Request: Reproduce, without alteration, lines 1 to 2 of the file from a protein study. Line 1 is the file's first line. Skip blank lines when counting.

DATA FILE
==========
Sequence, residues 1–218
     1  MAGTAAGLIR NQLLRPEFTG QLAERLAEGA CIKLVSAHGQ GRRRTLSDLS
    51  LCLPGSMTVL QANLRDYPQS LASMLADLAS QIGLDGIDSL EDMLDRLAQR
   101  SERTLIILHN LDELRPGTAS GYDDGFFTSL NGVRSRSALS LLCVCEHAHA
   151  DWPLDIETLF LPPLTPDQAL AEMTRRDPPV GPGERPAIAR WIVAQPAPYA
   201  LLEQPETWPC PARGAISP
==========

Sequence, residues 1–218
     1  MAGTAAGLIR NQLLRPEFTG QLAERLAEGA CIKLVSAHGQ GRRRTLSDLS